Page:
You can’t open a newspaper, watch TV, waste time on Facebook, or listen to the radio without someone complaining, yelling, arguing or pleading with the viewing public to support some cause.
This year, of course, is an American presidential election. Which means, it will be non-stop political news until November. As a small business owner, it can be extremely hard not to get caught up in the tsunami of this year’s political wave. It’s like the plague or the blob. You just can’t escape.
I’ve been warning small businesses to avoid Election Fever for a long time, but this year seems to be more contentious than previous elections. As Larry McCarthy, a super PAC strategist, says “It’s like the end of the Quentin Tarantino movie, where everyone is shooting everyone else.”
As an American, you have the right to share your opinion on any political viewpoint you have. However, sharing that view may not be in the best interest of your business. In fact, sharing your political views could damage your reputation and your business brand. I’m not suggesting you can’t do this. Rather, I’m suggesting you stop and reconsider how much damage you could do to your bottom line by publicly supporting any political candidate this year.
You Can Damage Your Target Market
In a country that is supposed to be “one nation, under God, indivisible”, we are certainly a nation divided. With 23% of Americans identifying as Republicans, 32% as Democrats, and 39% as independents, we’re not a nation united under one political belief system.
If you publically support one candidate as a business owner, you can automatically distance yourself from a large portion of your market. If you post your support on your social media profile (even your personal one), you could offend potential customers or drive away existing ones.
Some businesses would clearly rather do business with their kind of people. And if you can afford to eliminate 40% or more of your target market, go for it. But for small struggling businesses, this has the potential to shut down your business.
You’ll Never Win Politics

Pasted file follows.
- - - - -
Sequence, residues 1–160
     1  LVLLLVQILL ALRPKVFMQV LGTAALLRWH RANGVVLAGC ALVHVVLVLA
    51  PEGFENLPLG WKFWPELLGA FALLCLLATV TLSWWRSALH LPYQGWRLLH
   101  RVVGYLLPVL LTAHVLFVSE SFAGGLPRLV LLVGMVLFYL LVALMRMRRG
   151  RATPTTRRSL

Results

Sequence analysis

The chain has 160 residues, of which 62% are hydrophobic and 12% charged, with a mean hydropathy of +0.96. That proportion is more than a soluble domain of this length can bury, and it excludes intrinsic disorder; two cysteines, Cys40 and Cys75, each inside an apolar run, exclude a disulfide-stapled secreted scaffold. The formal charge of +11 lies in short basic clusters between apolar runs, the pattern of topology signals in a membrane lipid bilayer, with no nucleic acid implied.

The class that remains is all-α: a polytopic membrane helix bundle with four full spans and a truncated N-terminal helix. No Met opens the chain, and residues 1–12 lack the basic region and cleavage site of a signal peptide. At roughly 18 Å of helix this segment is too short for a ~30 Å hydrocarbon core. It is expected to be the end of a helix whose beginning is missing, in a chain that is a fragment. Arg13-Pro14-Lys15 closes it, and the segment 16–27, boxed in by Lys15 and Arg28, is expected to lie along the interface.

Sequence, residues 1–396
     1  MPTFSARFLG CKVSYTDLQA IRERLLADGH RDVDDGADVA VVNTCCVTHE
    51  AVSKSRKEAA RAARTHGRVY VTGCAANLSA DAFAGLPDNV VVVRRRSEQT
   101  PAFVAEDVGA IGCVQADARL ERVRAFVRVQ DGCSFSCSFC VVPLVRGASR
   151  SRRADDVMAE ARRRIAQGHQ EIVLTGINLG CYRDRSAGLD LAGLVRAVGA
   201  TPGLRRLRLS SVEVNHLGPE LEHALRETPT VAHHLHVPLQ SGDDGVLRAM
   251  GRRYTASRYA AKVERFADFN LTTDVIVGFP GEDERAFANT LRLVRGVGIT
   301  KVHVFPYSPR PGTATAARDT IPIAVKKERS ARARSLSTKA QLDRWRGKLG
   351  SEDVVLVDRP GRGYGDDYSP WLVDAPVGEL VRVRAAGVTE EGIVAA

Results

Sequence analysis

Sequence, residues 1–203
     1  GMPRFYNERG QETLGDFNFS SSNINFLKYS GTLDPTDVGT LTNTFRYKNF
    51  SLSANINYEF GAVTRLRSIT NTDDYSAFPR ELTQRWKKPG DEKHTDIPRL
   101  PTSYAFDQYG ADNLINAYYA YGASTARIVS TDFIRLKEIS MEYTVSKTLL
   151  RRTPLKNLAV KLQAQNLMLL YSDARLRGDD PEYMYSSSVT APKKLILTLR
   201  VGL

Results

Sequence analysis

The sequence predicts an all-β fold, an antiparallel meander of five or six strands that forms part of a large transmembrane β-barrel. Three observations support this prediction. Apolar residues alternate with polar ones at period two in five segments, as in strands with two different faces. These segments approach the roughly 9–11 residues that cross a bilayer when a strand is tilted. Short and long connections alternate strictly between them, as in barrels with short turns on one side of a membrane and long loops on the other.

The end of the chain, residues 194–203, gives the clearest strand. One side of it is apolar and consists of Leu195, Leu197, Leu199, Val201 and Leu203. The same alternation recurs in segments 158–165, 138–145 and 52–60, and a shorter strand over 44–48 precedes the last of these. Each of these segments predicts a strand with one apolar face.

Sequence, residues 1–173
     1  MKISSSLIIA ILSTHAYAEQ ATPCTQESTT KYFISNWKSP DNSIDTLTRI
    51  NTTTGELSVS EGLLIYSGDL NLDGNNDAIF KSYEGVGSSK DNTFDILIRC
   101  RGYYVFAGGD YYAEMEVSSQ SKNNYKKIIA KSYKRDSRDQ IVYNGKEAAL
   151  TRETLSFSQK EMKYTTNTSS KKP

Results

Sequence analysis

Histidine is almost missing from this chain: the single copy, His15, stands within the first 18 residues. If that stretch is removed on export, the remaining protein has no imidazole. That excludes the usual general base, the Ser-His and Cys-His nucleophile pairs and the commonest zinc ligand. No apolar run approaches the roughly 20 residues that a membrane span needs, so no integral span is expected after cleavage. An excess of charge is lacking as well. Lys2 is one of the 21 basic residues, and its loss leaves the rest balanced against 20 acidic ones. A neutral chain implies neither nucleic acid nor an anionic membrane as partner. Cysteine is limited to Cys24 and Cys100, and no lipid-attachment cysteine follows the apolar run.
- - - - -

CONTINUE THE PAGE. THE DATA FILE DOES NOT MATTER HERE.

Have you ever seen a political debate on social media where there was a clear winner? Instead, you see increasingly angry and offensive comebacks. In your attempt to be heard and proven right, you could destroy your brand’s image in one Facebook rant..
As a small business owner, you are your brand. What you support, how you act in public, and what you say on social media all impacts your reputation. This is your brand. You want your brand to scream trustworthy, quality, and professional. When you engage in a public debate, you can seem hostile, close-minded, and uninformed.
Sara Hawkins, from Social Media Examiner, says this type of speech would never fly in the “real world”. So even if your candidate wins, your business could certainly lose.
Choose Social Responsibility Over Politics
If you still have a drive to support causes you care about, choose social responsibility over politics. Corporate social responsibility (CSR) is when corporations or businesses create a strategy that supports a specific social cause. Most of the time it’s something that the entire public would support, like animal rights or breast cancer awareness.
Is it a marketing ploy to support a popular cause to improve your public image? Undoubtedly. But wouldn’t you choose a business that is doing something good in the world over a business that cares only for profit?
Here’re a few examples of businesses who choose a non-controversial cause to support:
Startup Savant is an online magazine for startups and entrepreneurs who supports children’s education. So far, they have helped over 30,000 kids through .
Leonisa is an undergarment retailer who chooses to support breast cancer through helping educate women about how to perform breast exams. A fitting cause for a bra company!
Warby Parker sells eyeglasses online with the goal of helping the one billion people worldwide who don’t have access to glasses by giving away one set of glasses for every pair sold.
Be Vocal, But Use Your Platform Wisely
Your business has one purpose – to stay profitable. Unless you’re hoping to launch a political career, this is not the arena to spout your political viewpoints. Think long and hard before you draw a line in the sand. Be vocal, but try to stick with topics that are largely non-controversial and the majority of your target market will support.
Customers will rally behind a socially responsible cause, you’ll get great PR, and build goodwill in your community. This doesn’t hurt your brand or your business.
Yes, you have the right to speak your mind. But remember that you’re also a professional. Be thoughtful and choose your words carefully. Before you make public statements, ask yourself this:
Is this worth damaging my business?